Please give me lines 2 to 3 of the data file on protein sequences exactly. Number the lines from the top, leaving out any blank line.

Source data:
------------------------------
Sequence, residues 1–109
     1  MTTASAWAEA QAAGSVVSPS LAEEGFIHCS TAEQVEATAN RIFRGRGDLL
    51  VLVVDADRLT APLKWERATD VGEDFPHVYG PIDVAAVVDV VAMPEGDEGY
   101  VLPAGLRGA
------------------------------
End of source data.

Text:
     1  MTTASAWAEA QAAGSVVSPS LAEEGFIHCS TAEQVEATAN RIFRGRGDLL
    51  VLVVDADRLT APLKWERATD VGEDFPHVYG PIDVAAVVDV VAMPEGDEGY